The Algona Upper Des Moines from Algona, Iowa on December 12, 1894 · Page 2
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The Algona Upper Des Moines from Algona, Iowa · Page 2

Algona, Iowa
Issue Date:
Wednesday, December 12, 1894
Page 2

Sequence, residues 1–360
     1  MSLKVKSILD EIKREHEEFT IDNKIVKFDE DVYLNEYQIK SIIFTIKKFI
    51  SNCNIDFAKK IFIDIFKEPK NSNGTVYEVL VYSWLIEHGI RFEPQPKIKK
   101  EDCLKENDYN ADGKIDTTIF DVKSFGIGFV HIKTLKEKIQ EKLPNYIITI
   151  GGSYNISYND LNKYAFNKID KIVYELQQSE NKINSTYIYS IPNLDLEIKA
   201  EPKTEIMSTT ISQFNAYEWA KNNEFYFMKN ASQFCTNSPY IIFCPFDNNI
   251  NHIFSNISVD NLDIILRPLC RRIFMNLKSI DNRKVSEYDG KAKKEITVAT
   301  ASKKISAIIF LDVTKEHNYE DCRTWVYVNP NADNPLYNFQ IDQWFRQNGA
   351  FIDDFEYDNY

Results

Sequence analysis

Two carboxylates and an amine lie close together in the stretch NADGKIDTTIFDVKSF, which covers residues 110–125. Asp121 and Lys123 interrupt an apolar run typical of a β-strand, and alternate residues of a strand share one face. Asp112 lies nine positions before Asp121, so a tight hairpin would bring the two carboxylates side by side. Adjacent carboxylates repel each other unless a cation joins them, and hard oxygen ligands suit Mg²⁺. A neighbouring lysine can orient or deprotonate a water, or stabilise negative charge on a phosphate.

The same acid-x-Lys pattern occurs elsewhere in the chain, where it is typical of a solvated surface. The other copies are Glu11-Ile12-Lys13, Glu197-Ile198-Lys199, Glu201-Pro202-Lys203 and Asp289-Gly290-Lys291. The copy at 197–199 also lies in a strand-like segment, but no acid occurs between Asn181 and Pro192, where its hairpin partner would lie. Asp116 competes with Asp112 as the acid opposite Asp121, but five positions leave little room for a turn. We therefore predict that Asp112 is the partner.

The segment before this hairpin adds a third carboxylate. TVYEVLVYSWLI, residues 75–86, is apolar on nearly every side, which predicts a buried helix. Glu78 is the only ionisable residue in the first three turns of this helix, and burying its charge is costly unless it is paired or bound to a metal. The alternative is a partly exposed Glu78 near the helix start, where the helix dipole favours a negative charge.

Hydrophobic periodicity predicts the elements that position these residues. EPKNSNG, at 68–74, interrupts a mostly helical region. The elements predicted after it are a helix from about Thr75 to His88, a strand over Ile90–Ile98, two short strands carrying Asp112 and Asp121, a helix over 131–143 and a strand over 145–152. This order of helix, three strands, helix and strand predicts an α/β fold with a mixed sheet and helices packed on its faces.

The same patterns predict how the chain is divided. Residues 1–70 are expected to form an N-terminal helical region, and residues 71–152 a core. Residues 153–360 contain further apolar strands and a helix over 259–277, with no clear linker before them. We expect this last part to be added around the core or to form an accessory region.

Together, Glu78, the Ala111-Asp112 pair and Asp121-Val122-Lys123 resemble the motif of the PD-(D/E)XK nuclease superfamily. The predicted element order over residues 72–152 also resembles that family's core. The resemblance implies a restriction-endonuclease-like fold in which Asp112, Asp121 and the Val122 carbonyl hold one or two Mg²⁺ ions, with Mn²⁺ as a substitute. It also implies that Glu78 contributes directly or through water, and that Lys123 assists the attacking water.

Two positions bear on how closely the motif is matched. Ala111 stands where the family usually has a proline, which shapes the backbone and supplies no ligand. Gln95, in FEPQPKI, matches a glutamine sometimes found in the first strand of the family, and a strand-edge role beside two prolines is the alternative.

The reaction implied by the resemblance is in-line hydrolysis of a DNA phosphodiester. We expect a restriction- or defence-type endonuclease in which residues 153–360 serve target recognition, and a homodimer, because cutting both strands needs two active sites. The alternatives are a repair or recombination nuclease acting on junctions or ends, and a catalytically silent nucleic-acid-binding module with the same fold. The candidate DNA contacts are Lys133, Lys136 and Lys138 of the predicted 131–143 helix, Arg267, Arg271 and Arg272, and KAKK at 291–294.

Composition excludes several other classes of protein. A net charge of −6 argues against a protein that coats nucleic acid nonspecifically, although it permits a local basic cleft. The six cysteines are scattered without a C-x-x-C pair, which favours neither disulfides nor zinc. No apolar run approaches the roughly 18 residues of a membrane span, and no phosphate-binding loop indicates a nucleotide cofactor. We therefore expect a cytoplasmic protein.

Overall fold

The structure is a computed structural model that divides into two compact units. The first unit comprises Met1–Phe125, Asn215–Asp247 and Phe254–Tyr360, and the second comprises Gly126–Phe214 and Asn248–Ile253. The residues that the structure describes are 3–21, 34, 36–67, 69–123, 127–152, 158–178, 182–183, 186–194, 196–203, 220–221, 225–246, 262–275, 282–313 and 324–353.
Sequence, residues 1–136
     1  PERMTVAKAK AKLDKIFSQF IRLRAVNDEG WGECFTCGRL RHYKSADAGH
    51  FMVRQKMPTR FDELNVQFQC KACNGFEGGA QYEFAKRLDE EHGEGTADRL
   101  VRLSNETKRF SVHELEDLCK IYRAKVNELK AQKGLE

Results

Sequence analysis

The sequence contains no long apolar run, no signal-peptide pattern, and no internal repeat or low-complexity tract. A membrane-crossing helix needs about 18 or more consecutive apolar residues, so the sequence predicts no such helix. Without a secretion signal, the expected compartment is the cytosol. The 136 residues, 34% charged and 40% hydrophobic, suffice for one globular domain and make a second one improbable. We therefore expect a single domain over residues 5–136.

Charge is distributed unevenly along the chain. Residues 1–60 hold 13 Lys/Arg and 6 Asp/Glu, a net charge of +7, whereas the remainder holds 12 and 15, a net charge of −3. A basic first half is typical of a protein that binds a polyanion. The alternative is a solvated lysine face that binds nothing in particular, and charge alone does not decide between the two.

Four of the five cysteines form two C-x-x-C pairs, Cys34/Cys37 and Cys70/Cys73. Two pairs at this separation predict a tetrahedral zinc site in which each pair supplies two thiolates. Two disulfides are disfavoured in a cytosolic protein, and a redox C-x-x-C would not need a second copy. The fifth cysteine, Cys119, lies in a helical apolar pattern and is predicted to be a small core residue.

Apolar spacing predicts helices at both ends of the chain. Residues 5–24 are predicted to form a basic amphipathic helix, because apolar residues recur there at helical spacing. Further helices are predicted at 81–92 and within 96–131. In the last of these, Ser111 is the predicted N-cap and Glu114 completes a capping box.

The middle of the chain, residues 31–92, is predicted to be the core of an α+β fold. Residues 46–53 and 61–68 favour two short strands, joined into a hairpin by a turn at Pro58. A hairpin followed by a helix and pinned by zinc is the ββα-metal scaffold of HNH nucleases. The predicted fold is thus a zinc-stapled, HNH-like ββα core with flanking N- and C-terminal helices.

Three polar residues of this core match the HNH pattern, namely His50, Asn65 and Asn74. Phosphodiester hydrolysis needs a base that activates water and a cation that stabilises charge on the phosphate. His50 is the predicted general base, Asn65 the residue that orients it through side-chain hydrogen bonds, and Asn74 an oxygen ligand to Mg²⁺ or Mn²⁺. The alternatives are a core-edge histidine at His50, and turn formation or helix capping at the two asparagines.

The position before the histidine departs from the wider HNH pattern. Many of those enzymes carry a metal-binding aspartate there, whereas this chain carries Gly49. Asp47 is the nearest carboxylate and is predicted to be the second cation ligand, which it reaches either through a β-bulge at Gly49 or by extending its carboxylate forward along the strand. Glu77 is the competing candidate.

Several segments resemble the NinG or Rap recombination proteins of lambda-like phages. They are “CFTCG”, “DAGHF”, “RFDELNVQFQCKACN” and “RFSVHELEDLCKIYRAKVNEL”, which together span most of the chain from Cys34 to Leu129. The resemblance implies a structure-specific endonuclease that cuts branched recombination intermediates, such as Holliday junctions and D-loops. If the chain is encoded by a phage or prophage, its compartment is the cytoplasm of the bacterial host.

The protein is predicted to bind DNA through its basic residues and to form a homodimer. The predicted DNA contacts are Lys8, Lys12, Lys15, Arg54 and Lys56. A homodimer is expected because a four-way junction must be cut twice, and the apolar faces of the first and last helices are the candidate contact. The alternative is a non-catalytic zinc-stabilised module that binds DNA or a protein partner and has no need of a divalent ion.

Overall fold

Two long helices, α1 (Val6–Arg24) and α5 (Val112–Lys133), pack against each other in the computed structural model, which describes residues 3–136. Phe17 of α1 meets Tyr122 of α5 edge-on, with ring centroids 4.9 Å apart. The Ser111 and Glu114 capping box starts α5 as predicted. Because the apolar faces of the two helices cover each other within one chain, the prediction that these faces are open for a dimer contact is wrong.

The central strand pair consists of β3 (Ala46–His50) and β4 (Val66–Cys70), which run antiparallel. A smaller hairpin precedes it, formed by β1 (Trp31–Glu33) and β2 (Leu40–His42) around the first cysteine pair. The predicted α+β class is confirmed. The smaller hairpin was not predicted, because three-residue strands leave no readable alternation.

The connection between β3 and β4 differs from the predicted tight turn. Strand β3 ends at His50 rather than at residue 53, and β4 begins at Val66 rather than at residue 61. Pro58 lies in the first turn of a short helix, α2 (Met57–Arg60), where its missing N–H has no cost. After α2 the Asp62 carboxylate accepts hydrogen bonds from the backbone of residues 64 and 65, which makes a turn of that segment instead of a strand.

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of; x q\ *»« fried at *<fft *jM b*&*?' ~ ' \ ee. v l<V~-lt is ftt last sd that Ida, Grove Will hate * sfe- tebe conflicted under the Goth- system. At a meeting *rf the tjottttcil a permit was grafted the iseefporated body of .business men to «t«rt a saldtfii and conduct^ sale of liquors ill compliance with an ordi^ IBfttide iweetitly gassed b£ «ke council. At & joint mefettttg of the «*buncil and Hhesettodlboatd the list*? signers tto ';tke &ettt*on Was accepted fcttd a permit given ttf <co«j*ence bdsteess. P. Scan' laa t*ws chosen as inaittjger at a salary «f QLftoO f>er 'year and (George Payne ^tid jid&tti •SdShreppfer as salesman at a, -salasy <0i $&0 per yea*. The building lias fcwniJrit in readrhess and the business te fcortv in operation. The result of this new method will be watched •with tentdh interest % the whole cotra- snumity., 'The people' of Ida Grove propose to give the Gotihenborg system at iaif trial . _ HORSE STEALING. 'County Man Arrested For <Oie Crime. j, Pec. 7.—A was issued at the instance of I. Cappwm-for thaaa-rest of Frank Lovering.* waia grave charge. Lovering lias •been 5m'the employ of Mr. Cappron for over a.year, working part of the time on ttee Matter's farm, a mile south <of Marietta, but being around his Mai estate wnffice in Marshalltown most >of the lame. Lovering harnessed rap a team <of Mr. Cappron's best horses, Iiitch«fl4tt0 a wagon and drove off. He didn't return, and Mr. Cappron is convinced, by various little incidents and suspicious;circumstances thatha-ve . occurred recently, that he didn't intend ,to retram. A .dispatch was received fromGarwin, saying levering had been -captured there with the stolen property. MULCT LAW. Victory Over » iSaloon Keeper In O'Brien County. PBIMGHAE, Dec. 7.—The prohibitionists of the *own of Hartley, in this • -county, have scored a victory over a, saloonkeeper there. The latter purchased a prominent business corner and put up a fine brick building, in- yesting some 5E,000 in the plant, intending to run a 'saloon on a palatial .scale. Opponents<of the saloon, however, waited until -the building was nearly completed, and then showed up a deed for a back Infft within fifty leet of the saloon site and refused permission to the operation of the saloon. Thus cornered, the proprietor of the obnoxious institution was compelled to give up and he has gladly availed himself of the opportunity to sell to a banking institution. MURDEROUS ASSAULT. Huru Gibson Uses an Iron Bar on Louis , Grimes. CKESTON, Pec. 10.—A scrape which •will probably result in a murder occurred in Sand Creek township. Ham Gibson assaulted Lous Grimes with an iron bar and inflicted injuries that will probably cause death. Gibson is a notorious character. He was a witness in the famous Goodale murder case and was recently tried for larceny. Grimes was a state witness in his trial. Gibson was arrested, but succeeded in getting away from the officers and is .now B t large, ' ^ • TRAVELING MEN.. Meeting of tho Iowa Organization , Des Moliies. PES MOINES, Pec, 0.—Four hundred traveling men attended the fourteenth annual meeting of the Iowa State _^.-.;n<-««t-,fyji of Covwiercia.1 Travelers, The following officers were elected: President, W. F, Mitchell, Pes Moines; yieo -president, E. C. Evans, Pes Moines; secretary and treasurer, F. E. Haley, Des Moines; directors, F. S. Thompson, William A. Meyer, John Verran, E, W. K, Bailey, and L. K. Wynn. HUNJINQ ACCIDENT, ' \ J, 4k ,._ ._m|-^- •Victim Wved Only » Few Hours After > lielng Injured. /ITY, Pec, 9.—John Swank, near here, accidentally shot while out hunting. He was 1 to go through a fence when ' j^ some unknown manner his gun was :.- discharged, the load entering his right : "T»reia^t, He lived only a few hours, ; l?fhe deceased was about 30 years old, FARMER tf ttei &fnu& t*- Dfotl» & Ufatf e*. .^M*. Mat Steadman, bfrottier-in-law of Watt H. Butlelfj of West iJhion, who so myntetkmsly aptsea*ed 4-ecently, leaving ftlsolute- no trace Behind him, furnishes the p'rfess tfteMtewingf detailed description of hlttti H<5 is til years t>f age, height S feet and S inches. Me is stockily built and pounds, but does not look as tliOHgh he weighed over 180 pounds. He has dark blue ' eyes. His hait 5s thia tipon the top of his hfead and gray sides, 'tie combs it isWaight tmctirom his forehead afid ^068 not fia*tit. He has a^ heavy, fellg-htly'gray estendirig lower «fto«m an sides Of the mouth than ttsually He has a small Soft Waft'On fihe "back of his neck under ttie Ihaif where •tihe collar button usually is. The 'tip isff the nOse is slightly beaatttto one-side. The left thumb hail lta*'a ridge irun- ning down to the knncMe. His Uiands are small for a man -of Ms size. His neck is short and he has ^ahvayfi Worn a turn-down collar. !Be JIBS 'one false tooth in the upper jaw fastened to a "red rubber plate." lie always'carries his gold pen in the lower mi^ht 'hand vest pocket. When last seen fee nvas'Sressed as follows: Soft black tatt, dark gray suit and cutaway coat, leather -shoes 'with patent leather tips, mew-suit -of Iheavy winter underwear. His shoes hurt liis^eet ;at times and he walked as tb.ou.gih !he was tlame at these times. Any information •s'hould be ;sent 'io E. M. Steadman, Des Moines. CHILD KILLED. *'. Jtft»p JSyref Fall* From a Windmill Tower, ' t \-, LjsMAfls, Pee, 0.—Isaac Eyres, an -»ld and highly respected farmer of this ( j ^o»nty, was found dead at the foot of igf winc|m.iU on his farm in Union town* He is supposed tp have gone up ; the machinery and fell, He BI" large family ,of grown up sons Badly Mangled By w Trail* "While"Walking- on the Track. Mr. AYB, Dec. 0.—The 0-year-old child of John Morris.-of Ringgold, was run over and killed Try 'the cars near Lesanville, some six miles from 'here. The child with its parents was visiting friends near Lesanvalle ^and the child had gone on the track :and was walking along. The engine-came arouncl^a curve at a sharp speed, when the child was seen and the engineer whistled .for it to get off the track, )btrt it paid 'no attention, and being 'down grade 'the train could not be stoTrped till the child was overtaken and badly mangled. COUNTERFEITERS. Another Man Implicated tvltbthe Ft. Madison Gang:. BURLINGTON, Dec. 8.—Allen Newport has been implicated by the -counterfeiting gang recently arrested at Ft. Madison and bound over to the United States grand jury. The young man is in jail awaiting preliminary .examination. IOWA FISH LAW. Eleven Violators Arrested at Cedar Rapids. CEDAK RAPIDS, Dec. 7.—Eleven violators of the fish law were apprehended and arrested in this city. They were fined §10 and costs. Deputy Fish Commissioner Bates caused the arrests. The men were seining and spearing when caught and made no resistance when arrested. CONDENSED ITEMS. TERrtlSLE 6RIM&. itohUbfr kilfedand Body fceftrfnlijr Mtt- tllaretl. CHICAGO, Pec. 8. "The dead l#)dy of A. P. Bafnes, janitor of the JUawatha building, at 253 Thirty-sevefath street. Was found jammed into a packing case whiteh had been thrtist into a hole beneath the sidewalk on South Park av- emie. The body, which Was naked, with the exception of ft pair of socks, bore over a score of ugly wounds, half of them sufficient to cause death. The Wounds werte evidently inflicted With both the cutting edge and blunt side of an ase* and covered the body front the right temple to the knees. TWo men are fta custody charged with the crime, and Inspector Hunt is confident that tee has the men Who murdered Barnes. The men are Edward -Jordan, assistant janitor of the Tbtrilding, and Lewis Jersey, who has hung around the building. The crime. Was unquestionably committed in the basement of the apartment house, as the police discovered the clothing worn by, Barnes when last seen alive and the blood smeared axe with which the, deed was done. In addition blood was fotmd in. -several places in the basement, and signs <of 'a struggle were plainly visible. No other motive than robbery its ascribed for the crime, for Banaes, ;as far as known, had no enemies, «aid ••& watch and §30 in money whidh. fee liad upon .his person when last seen ture missing. CHICAGO, Pec. 9.—J.ohm 3J. Jersey, •who is under arrest on suspicion of being implicated in the TBarnes murder, broke down this morning :and made the following statement .to the police: "Jordan sent for me and told me to go over to the Hiawatha -flats. He then told me that he wanted me to help him carry a box out olf tihe basement. I asked him what was in the box, and he replied: 'There is.'a dead man in it. Pon't say anything about it.' I helped Jordan carry the box .out to the Vernon avenue front of the building." It was some time after this that-the box was removed by Jordam and the unknown expressman. For assisting Jordan to remove the box, Jersey says he was promised a job as assistant janitor. It is now supposed that Jordan wanted Barnes' job, wbieih pays $67 a month. Later the assistant janitor confessed that he killed Barnes in a quarrel over a missing bolt, but said it was done in self-defense. At the regular meeting of the Ministerial Association oi Pubuque a few days ago the question of the enforcement of the present state mulct law was discussed, and after a thorough review it was determined that it can be enforced in this city as elsewhere, and the association will make an effort to do so. The Iowa and Illinois Coal Company has begun a suit to enjoin the county treasurer from collecting 3000 assessed under the mulct law on its land at Ottumwa. The case ois to test the constitutionality of the law. It is based on the plea that the constitution grants every man his day in court before he can be punished for a crime. It eays these assessments are not taxes, but punishment for crime, and hence the law is unconstitutional. W. K. Smith, aged 45, committed suicide at Council Bluffs a few days ago. He was known pretty^ generally all over the state and particularly by the United States treasury officials, who have had a continuous fight with hira : for the past twenty-five years to prevent him running'independent mints and printing bank notes. Ho has served five terms in the Iowa penitentiaries for counterfeiting, * 011 V at Fort Madison and one at Anamosa. He committed suicide by horribly hack* ing his throat with a razor. Two nicks half an inch deep were knocked out of the blade, apparently at the first cut, and then he kept on cutting, sawing his neck to the bone in front and back. His windpipe and throat were severed, but he strangely missed both arteries, and death resulted from strangulation, The deed was committed at the residence of a. daughter living on Pleasant street, Po you wear shirts?. Order of Tjlden, Pe,s Moines. Perfect; fit guaranteed. ,The 8ta,te of Iowa vs. Lizzie Wes» tpn, a.eeuse.d of the murder of Patrick I?ins» hj6t September, is now on trial at Jn.dep,en4en,ee, The Story runs prosperous young farmer EASTERN WAR. NEW YORK, .Dec. 4.—The fact has just come out that a deal was completed here within the past few days by which, lor a million dollars in gold cash, Chili sold to Japan the crack cruiser Esmeralda, and the vessel is now well on the way to help fight China. NEW YOKK, Pec. 6.—A special dispatch from Shanghai to the Herald says: It is believed that China cannot accept Japan's condition of peace, or face the loss of prestige involved in abandoning Moukden, the home of the Mancho race, containing the ancient tombs of the dynasty. Pekin is terror stricken by the news from Port Arthur. The emperor is accusing all his ministers of deception and treachery. The storm raging around Li Hung Chang is constantly'increasing, and he is fighting, not for the retention of his decorations, but for his life. CUBE Foo, Pec. 8.—Tsung-Li-Yamen has decided to send a special ambassador to Tokio, fully authorized to negotiate a treaty of peace. This is the result of the intimation from United States Minister Penby that he and the United States minister to Japan had prepared the way for 'direct commuii- ication between China and Japan, though the nature of the preliminary negotiations are kept secret. ARMENIAN OUTRAGES. SALT liAfcfi, Utah, Pec. 6.-Official anSiety is plainly manifest at <he executive mansion over the apparent inaction of the proper authorities' to move in, the manner of the Indian invasion' in Colorado. The governor received ft communication from the sheriff of Grand county appealing for protection and asking for arms attd ammunition. The governor decided to furnish arms and ammunition to citizens, and if necessary for protection, as a last resort, the militia will be called out. Governor West received from Indian Agent Payatlg* hacio what lie considers an imprudent telegram asking that nothing be done to provoke trouble with the Ute Indians in Sdtt Juan county, The governor forwarded the telegram to the seci'e* tary of the interior with the additional information that he has furnished arms and ammunition to the unarmed citizens for their protection until some higher authority takes the matter Up. RAILWAY DISCRIMINATION. 3?e More Through ISutcs to the Knst oil Iowa 1'roductR, •CHICAGO, Pec. 9.—At a meeting of the principal western roads having lines in Iowa it was unanimously •agreed that after January 1 next the Iowa roads will make no more through rates in grain and its products from Iowa and northern Illinois points to points east of Chicago, or to points east of the eastern terminals of these western roads, but that the western roads will charge full local rates on this class of freight from the above western territory to Chicago, and the eastern roads will have to charge their full local rates from Chicago east. The Women Know Rest. Much comment has been caused by tho official reports of the United States and Canadian governments, in which are presented the evidences of the superior strength, purity and wholesomeness of the Koyal Baking Powder. It is true that the good housewife looks upon commendations of the Royal Baking Powder from scientists and official sources such as these vei-y much like "the gilding of refined gold." Her practical experience long since taught her in the most convincing way the great usefulness and superiority of the Royal article. A higher proof than this she does not want and cannot have. Yet it is pleasant for her to realize that the facts established by these great competitive tests, these scientific examinations made under direction of the Government, exactly parallel those she had before worked out in her own common-sense practical way. It does not appear thai any baking- powder, when presented in competition with the Royal, either at the Government tests or before World's Fair juries, has ever received favor or award over the Royal or made an equal showing in purity, strength or wholesomeness. BKKVITIES. reputation, la,te »t night Hp was refused^ 4 and w#s6kot credence An American Will Assist In the Investigation, CONSTANTINOPLE, Dec. 0.—President Cleveland has sent a cablegram here saying he has reconsidered his decision to not send an American delegate with the Turkish commission to inquire in to the Armenicfa outrages, lie adds he will allow the American legation to nominate the delegate to accompany the commission, Turkey is manifesting a great desire to have the powers represented on the commission, The United States was first asked to send a delegate, but declined. Great Britain was also asked to nominate a delegate, and immediately assented. The arrangements for the commission of investigation of the Armenian out- pages are as yet incomplete. The Turkish authorities say they believe no such murders and excesses as those described by the Armenians were doin; mitted by the regular Turkish soldiery, although they say it is possible in their operations against the rebellious villagers a great number of people may have been killed. BILUIARPS, Jyca Completely Uwrwjieluitt the "W^ara." CHICAGO, Dec, 7.—In the great 1>U- liard match last night Jves qyer- whelme4 Sphaefep, running ooo points Wa opponent gathered up 3S8. Total sepj-fl—jYes, 8,400; "' . formal opening of the ft&nata ft eotomitt6& ttf nOtiiy tt6 pfMiclSnt o! the asssnablinf of the eeti&te *A9 appointed htid a fecess taketi <in«t 1:80 p. in. tlfOtt f6asse>nbHtig ;he presideot's message ttas laid bet -re the Senate and read, after -which the. donate adjourned. HoCSE—'The house -was formally called to order at noon, committee to ftotify the president ot the assembling of .the house ttas appointed and at 1:8?'the message -was received and read. Bartlett, dem.. of New York, Introduced a bill providihg for the repeal ot the income tax sections of tho tariff liilt. Death of Congressman WHsrht was announced and house adjourned till to-morrow. . —-Washington, fieo. 4. An amendment to rules, cutting off protracted debate, Was offered by Vest. Resolutions calling On the navy department for official letters of Adiriifal'Walker while in cottvj mand at Hawaii, and calling on president; for correspondence concerning Blueflelds Were adopted. Adjourned. Houan—ftouso at once plunged into routine business. Bills appropriating $20,000 for the dedication of Chickatnauga and Chattanooga National Park and for the National military park on the battle field of Bhiloh, for which $75,000 Was appropriated, were passed. Richardson then presented the conference report on the printing bill. After some debate the report went over and the house adjourned. SENATE—Washington, Dec. 5. —Berry of Arkansas introduced a bill to create the territory of Indianola out of the present Indian Territory. Dolph introduced a bill to forfeit unearned lands granted to railways. Quay offered an amendment to the* sugar clause of the tariff bill. Resolution for information regarding Japanese- Chinese affair \vas referred to committee. Resolutions were offered 1 by Peffer inquiring into late issues of bonds and use of troops at Chicago in Pullman strike. Referred. HOUSE—Resolution • calling for correspondence relative to war between China and Japau was referred. Bill to prevent free use of timber on public lands passed.. Public printing bill conference report was agreed to. Railway pooling bill was mode special order. The object of the bill is to authorize competing common carriers, subject to the provisions of the interstate commerce act. to enter into contracts for a division of their gross or net earnings and to secure the more expeditious and efficient' enforcement of thaC law. SENATE—Washington, Doc. 0.—Turpie, spoke in favor of the resolution for election of senators by direct vote of the people. Executive session j adjourned till Monday. HOUSE—Fortifications and pension appropriation bills were reported. Consideration of the railway pooling bill was then resumed and was still before the house when adjournment was taken. CAUCUS—At a meeting of the democrats of the senate it was finally settled that the resolution to limit debate will not be passed and that no effort will be made to pass the "pop-gun" tariff bills. HOUSK—Washington, Dec. 7.—House went into committee of the whole on the president's message, which was finally referred to the various standing committees. Railway pooling bill was under consideration till adjournment. HOUSE—Washington, Dec. 8.—The railway pooling bill was under consideration' all day. A Washington dispatch says: The Hawaiian Charge d'Affaires, Frank P. Hastings, has received in his current mail information that since the establishment of the republic in Hawaii, July 4th, last, the official recognition of the following governments has been received: United States, Great Britain, France, Russia, Italy, Belgium, Mexico, Guatemala, and also notice of intent from Germany and Peru. An Atlanta dispatch says: The ref usa? of the Georgia legislature to continue the military appropriation for the next two years is variously interpreted, but the theory most generally accepted is that the legislature is tired of the work to which tho troops have been put during-the four years of Governor Northern's administration, and the evidence that they will be similarly Used by Governor Atkinson, Governor Northern's great zeal for tho suppression of lynch law led him on several occasions to call out military companies to protect ravishers whose lives were being sought. The feeling among the legislators is that every county in the state is capable of taking care of its own affairs, and the sheriffs do not want the unwelcome aid of the military from other sources. One of the Armenian physicians at Herrick college, Marsovan, Asia Minor, has received detailed accounts of the recent repeated atrocities by Turks and Kurds at various villages in the Sassoun district. The chief of police of Moosch went with a force of soldiers to the village of Tcherig, nailed a number of the leading men, head downward, to posts, beat them and drenched them alternately with hot and cold water, The chief of police then attempted to dishonor the wife of one o ( f his victims, She seized a knvfe and plunged it into him, whereupon the soldiers made a general attack on t,he peasants. Many of the wounded wore taken prisoners to Moosch, and the whole village was charged with sedition, The villages were sacked by the Kurds and all young girls carried off. The same story of rapine and pillage comes from very many other points, , Isaac Lease, a» Illinois, stoqk raiser, purchased a drove of 100 hogs which had been shipped in from the west;. He taok them tp Jw farm »ud/ soon ftfter cholera Jjroke out &m,o»g 'them, fifty head dying frQW tfce disease, Later disease DEATH OF DE LESSEPS. The Famous French Engineer Pusses Away, PARIS, Dec. 9.—Count Ferdinand De Lesseps died at Lachinaie, near Va- tane, in the department of L'Indre. During the night he received the last sacrament. MUrS the tnftng g< , be<s. fedlb, who claims to be thtf of Alabama, completed his the legislature, which he signs a* ernor, and which has been to that body. The message is addressed to the people of and is a long, and in many revolutionary document, ad it mends his followers to not pay taxes for awhile. He further adds: advise those tax collectors who the cause I represent, and whiclt assuredly prevail in the-end, td all payments of state taxes into <$a In8 UJl. fJtw.T 1AH5**«O VJ. *J vv* *"•* „____-_ - f ( state treasury until an impartial heftl" ^ ing is had of our complaint uhdei?~ l.^, fair and honest contest law*" -, * When it is remembered that the" taSfc Collectors in thirty-eight of the sixty* ( six counties in the state are Kolbites* it Will be seen that if they take^his atU vice the Kolb government will find" strong support and Alabama will fott threatened with anarchy. lie urge£ the legislature to enact contest lawsj, and advises all of hia friends to organize clubs to assist in the general object of his appeal. The message coileludes: "If Col. Gates and his faction fear not the truth, if they court equity ana are ready to abide by justice, they wilt hesitate at nothing to remove the- Color of dishonor from his title to the> office he has seized by arms. Apain I say my contention is alone for the execution of the guarantees offered by th& constitution of my state for the liberty ^ of .all. -I demand of the legislature that action which every member on oath has bound himself solemnly to take in observance with the constitution." a' MONTGOMEKY, Ala., Pec. 7.—The bill intended to fit the case of Captain* Kolb, who claims to have been elected, governor'.' providing for the punishment of usurpers of state offices, has. been passed by a strictly party vote. > MONTGOMERY, Ala., Pec. 10".—A secret caucus of Kolb's friends decided to keep within the limits of the law 1 until 'the present session of the legis-? lature closes. If it passes a fair election law and a fair contest law, tl party will stand by the result in a contest; if not, a state convention will bei called to consider the situation. ILLEGAL BOND ISSUE. ! Arrested Tor the Oilng fliuraor. MINNKAPOLIS, Minn., Dec. 8.^Interesting and sensational developmedts in connection with the Ging murder mystery are promised, which will throw an entirely new light on the case and explain many seeeming impossibilities. Last night the latest sensation was sprung when young 1 Harry Hay ward was arrested. It is not thought ho actually committed the crime, but is believed to have instigated it. He denies all knowledge of the matter. Literary Notes. The show of distinguished beauty, transfixed by famous artists, which 'is now taking place at the ...Academy' of Fine Arts in New York, has been an* ticipated by the Cosmopolitan Magazine in its November issue, in an article by Wm. A. Coffin, with illustrations of some of the more beautiful faces, The ''Great Passions of History" series has for this month's subject the romantic career of Agnes Sorel, who influenced the destinies of France under Charles VII. "The Art Schools of America," "The Great British Northwest Territory," "The Chiefs of the American Press," and the "Public Library Movement," are amongst The Cosmopolitan's table of contents, Survivors of the war and their children will find in tense interest in "The Story of a Thousand," a personal narrative begun in this number by Albion "\V. Tourgee, who tells in a graphic, way, of a regiment which saw fierce service—of its organization, its marches, its sports, and its death-roll. During December there will be pub' lished in Harper's Bazar two very striking stories, "The Tifft Way," by Maria Louise Pool; and "Mr, Ruthven's Black List," by Octave Thanet. An interesting paper on "Hypnotism in Fiction" will discuss a question of present interest: it is by Adajine W, Steiiipg. "Coming-Out Receptions" fprw the theme of one of "Spectator's" brilliant essays. The Christmas flavor Will pervade the earlier numbers. • Notable features of Outing |or December &rp: ''A Jamestown Romance," a story ot Colonial days by Sa,ra Beau- Kennedy; ''Thji Japanese " by Eustace B,, Rqgers; Q»fti], : ' by' by Changs Fifteen' Million Dollars' Worth of Keur York Bonds Duplicated. ] NEW YORK, Pec. 7.—W. J. O'Rourke, a clerk in the comptroller's office during the Tweed regime, has laid before the citizens' committee a document and papers purporting to show that twen-^ ty-five years ago $15,000,000 worth of city bonds were duplicated, and the fact has been sytematically covered up in the comptroller's office ever since. Members of the committee to whom the revelations were made have filed a- petition for a. summary investigation of the charges. The petition is directed against Richard A. Storrs, deputy comptroller,because he has been in the comptroller's office ever since the time that the alleged duplication took; place. NEW YORK, Pec. 8.— Judge Patterson, 1 in the supreme court, refused an application for leave to investigate the affairs of the comptroller's office. The main grounds for refusal are that the committee's knowledge is based entirely on information and belief, and it is against the code. The application was based on the reported fraudulent issue of city bonds, which is alleged to ag— s gregate as much as $100,000,000. WHEAT FEEDING. j i ' - i Interesting Agricultural Department" Figures. ( WASHINGTON, Pec. 7.—Returns from' correspondents of the statistical divi' • sion of the department of agriculture*: relative to the. amounts of wheat to stock, estimate the quantity fed up • * to October 30 at 40,030,000 bushels, and estimated the amount to be fed at 39,- 1 , 373,000 bushels, making the total 7^,-; 303,000 bushels, These figures on wheat feeding are merely meager esti« ,' mates from those states wherein eor^ ' respondents complied with the request of the department, and must not be}' taken as anything more than an a>J, tempt at an approximation of the' t9tf4,' ,< feeding of wheat from th0 present'; » supply, The severity and length Qf ' the winter will necessarily Jnfluen,e§<, J the final findings upon this question. » ' IVES IS CHAMPION. ' Unslly Defeats Slmeffor the Second t,\VHUin u Mouth. CHICAGO, Pec, 9.—For the time within a month Frank 0, Ives, hj,jjl,' shown himself the master of Shaeffer at balk line billiards anchor nurse barred. By winning night's game Ives won the s>ix tournament of 3,000 points, QQQ pf which were played each nigbt,'legi^ ^ inwte title of "Champion of th,e n f "Baize," a stake of $5,000. and, t^ door receipts. Shaeffer scored 3,831 points while jyes. was 3,000. SSENE,INTHEREICH§TA.& Socialists Peo, 8, the rejcJistftg, fa the new pa.}a,oej ident kevetswY called The a. a a declined